Job seekers flock to new employment centre


THERE was an overwhelming response when a new employment and skills development centre opened in Port Alfred on Monday, with more than 120 job seekers registering at the site.

The Sikhulise Skills Development Centre opened its doors for the first time this week, after months of preparation by the project organisers, who received permission from the municipality to use the old Home Affairs office in Pascoe Crescent.

Project spearhead Jane Cowley said the purpose of the centre was to provide a safer and more convenient venue for casual workers to be picked up by building contractors, garden service businesses and other employers, instead of job seekers lining the R72 and waiting outside the marina entrance.

UP AND RUNNING: Gerald Badela (in blue jacket) was one of more than 100 job seekers who registered at Sikhulise Skills Development Centre at the old Home Affairs office on Monday. Project organiser Jane Cowley is on the left with fellow volunteer Nompumelelo Sigonyela PICTURE: SIPHELELE NDZAMELA

By registering each job seeker, with copies of their ID and skills on file, Cowley said there would be a formal system in place for potential employers to find suitable employees.

Contractors who come to collect workers must go inside the offices so that the person to do the job will be appointed in the office.

“This will create equal opportunity for the job seekers,” said Cowley.

Employers are also encouraged to rate the casual worker’s performance for the benefit of future employers.

The centre also provides shelter and toilet facilities for the men, and they get soup three times a week from the Port Alfred Soup Kitchen.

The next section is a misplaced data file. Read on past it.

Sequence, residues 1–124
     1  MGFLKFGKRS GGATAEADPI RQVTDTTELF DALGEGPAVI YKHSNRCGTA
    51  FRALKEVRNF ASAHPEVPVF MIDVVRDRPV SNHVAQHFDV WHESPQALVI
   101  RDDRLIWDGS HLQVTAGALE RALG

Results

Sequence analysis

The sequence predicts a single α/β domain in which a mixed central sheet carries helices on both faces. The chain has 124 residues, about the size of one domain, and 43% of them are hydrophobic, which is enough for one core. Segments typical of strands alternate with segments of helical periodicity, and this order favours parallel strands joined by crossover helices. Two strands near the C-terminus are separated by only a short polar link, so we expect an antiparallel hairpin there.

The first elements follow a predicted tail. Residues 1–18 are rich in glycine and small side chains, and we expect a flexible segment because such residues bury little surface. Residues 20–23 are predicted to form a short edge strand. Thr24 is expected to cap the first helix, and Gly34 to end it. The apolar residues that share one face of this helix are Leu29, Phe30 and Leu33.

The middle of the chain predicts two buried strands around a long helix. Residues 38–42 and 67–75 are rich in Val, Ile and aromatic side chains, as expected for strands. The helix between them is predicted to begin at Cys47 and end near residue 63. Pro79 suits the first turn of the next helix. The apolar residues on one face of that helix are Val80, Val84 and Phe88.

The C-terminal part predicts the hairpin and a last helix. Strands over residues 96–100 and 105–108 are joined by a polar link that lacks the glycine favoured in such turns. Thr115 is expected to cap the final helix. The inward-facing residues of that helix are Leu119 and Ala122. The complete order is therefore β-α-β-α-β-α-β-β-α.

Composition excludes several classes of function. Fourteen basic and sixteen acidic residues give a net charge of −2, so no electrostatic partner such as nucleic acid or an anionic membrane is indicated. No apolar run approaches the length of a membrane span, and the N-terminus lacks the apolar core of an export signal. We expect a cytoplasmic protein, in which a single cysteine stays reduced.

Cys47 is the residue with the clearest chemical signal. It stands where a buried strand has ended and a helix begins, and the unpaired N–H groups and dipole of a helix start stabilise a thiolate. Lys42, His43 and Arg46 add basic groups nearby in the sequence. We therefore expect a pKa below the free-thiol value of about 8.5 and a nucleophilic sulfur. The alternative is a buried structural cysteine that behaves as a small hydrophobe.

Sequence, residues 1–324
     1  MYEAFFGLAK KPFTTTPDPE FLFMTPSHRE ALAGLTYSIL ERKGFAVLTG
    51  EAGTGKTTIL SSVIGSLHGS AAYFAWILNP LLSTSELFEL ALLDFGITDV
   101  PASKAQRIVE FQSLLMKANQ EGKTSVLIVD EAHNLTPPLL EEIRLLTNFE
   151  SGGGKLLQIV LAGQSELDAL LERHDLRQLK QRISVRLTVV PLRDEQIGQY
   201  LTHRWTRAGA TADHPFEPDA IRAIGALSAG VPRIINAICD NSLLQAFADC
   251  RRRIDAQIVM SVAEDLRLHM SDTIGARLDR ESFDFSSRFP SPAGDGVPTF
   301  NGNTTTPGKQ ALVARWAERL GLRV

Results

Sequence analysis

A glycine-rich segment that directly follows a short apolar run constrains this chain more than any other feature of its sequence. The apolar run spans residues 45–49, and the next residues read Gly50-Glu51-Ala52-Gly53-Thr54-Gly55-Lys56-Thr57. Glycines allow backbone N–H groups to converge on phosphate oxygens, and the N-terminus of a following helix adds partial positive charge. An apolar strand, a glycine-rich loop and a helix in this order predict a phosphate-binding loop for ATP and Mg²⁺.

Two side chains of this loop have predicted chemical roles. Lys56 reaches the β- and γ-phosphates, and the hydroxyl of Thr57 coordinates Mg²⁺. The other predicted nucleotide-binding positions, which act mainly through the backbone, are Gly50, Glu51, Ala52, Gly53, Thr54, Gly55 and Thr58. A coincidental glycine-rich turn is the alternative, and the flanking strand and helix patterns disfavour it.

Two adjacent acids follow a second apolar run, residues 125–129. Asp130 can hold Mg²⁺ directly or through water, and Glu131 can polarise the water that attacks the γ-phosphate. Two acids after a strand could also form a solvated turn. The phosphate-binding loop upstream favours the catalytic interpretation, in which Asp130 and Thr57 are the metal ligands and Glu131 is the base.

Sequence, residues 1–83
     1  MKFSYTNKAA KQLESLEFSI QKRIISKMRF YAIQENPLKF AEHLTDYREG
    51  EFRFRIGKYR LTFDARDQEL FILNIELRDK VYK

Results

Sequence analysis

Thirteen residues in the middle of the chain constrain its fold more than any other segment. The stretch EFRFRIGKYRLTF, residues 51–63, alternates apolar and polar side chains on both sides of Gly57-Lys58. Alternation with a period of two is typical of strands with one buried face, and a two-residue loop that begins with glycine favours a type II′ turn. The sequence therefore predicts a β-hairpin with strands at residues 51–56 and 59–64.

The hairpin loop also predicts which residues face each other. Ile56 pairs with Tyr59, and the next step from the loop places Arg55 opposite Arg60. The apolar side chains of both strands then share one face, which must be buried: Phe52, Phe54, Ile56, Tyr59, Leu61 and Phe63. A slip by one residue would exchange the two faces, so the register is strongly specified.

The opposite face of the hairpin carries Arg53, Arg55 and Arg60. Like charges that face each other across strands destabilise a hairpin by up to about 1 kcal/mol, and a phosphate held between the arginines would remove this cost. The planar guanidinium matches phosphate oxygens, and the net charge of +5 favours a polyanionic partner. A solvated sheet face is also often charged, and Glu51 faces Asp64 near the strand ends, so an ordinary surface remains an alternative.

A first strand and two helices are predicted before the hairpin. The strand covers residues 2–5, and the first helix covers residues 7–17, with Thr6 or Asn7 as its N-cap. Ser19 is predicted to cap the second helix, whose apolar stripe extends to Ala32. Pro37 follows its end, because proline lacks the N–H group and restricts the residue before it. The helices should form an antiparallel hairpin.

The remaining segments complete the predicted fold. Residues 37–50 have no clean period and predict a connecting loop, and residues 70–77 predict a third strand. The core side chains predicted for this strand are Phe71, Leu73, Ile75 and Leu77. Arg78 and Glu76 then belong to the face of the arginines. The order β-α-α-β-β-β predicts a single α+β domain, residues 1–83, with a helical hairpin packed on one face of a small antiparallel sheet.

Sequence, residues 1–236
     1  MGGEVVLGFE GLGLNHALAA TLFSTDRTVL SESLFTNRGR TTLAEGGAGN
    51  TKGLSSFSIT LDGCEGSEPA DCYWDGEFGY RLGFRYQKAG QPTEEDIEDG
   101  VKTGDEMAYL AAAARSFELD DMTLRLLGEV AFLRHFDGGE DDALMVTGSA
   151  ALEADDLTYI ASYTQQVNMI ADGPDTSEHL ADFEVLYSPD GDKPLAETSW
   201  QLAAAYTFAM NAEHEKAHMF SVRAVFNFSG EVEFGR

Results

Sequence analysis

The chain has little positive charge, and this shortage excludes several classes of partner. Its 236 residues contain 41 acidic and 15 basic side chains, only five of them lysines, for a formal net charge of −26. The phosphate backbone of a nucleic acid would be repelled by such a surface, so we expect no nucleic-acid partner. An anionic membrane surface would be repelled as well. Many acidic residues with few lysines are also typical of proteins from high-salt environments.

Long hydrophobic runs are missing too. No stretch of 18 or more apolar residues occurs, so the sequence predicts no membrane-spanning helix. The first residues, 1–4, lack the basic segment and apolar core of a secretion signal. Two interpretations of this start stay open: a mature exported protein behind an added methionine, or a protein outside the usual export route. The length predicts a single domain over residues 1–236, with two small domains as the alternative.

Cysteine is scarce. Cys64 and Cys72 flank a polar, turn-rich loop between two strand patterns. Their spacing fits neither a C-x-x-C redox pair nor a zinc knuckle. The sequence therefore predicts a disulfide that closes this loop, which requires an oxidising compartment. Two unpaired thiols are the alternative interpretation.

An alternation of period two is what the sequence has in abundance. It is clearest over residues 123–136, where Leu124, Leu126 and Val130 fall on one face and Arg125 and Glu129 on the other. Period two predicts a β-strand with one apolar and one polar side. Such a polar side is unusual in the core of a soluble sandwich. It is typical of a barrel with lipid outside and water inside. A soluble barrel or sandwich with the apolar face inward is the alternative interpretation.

Cowley said the plan is to grow the job centre into a skills development centre where those waiting for work are taught woodwork and gardening skills.

She met with job seekers last week to inform them about the new centre and was pleased with the response this week.

“There are more people than we anticipated. It just shows how high unemployment is in our area,” she said.

One of the casual workers, Mandlenkosi Nhyaba, told TotT he had been looking for a job since last year.

“It is really difficult finding employment,” he said.

The 23-year-old, whose skills are plumbing and paving, said: “I think the centre might be helpful to us but it is still early to determine that at this stage.”

Mkhanyiso Nhyaba, also 23, said: “I’m hoping that the centre makes a huge difference because we are in need of proper jobs.”

Nhyaba specialises in painting and paving.

“This is could make a huge difference because it is safer here, we have access to water, toilets and there’s also a food supply,” said Mncedisi Mangcangaza, 50.

“Where we used to stand we were exposed to a lot of danger and when it was raining we had no shelter,” he added.

Another job seeker, Lusanda Phetha, said: “I have a family to support and things are really difficult.”

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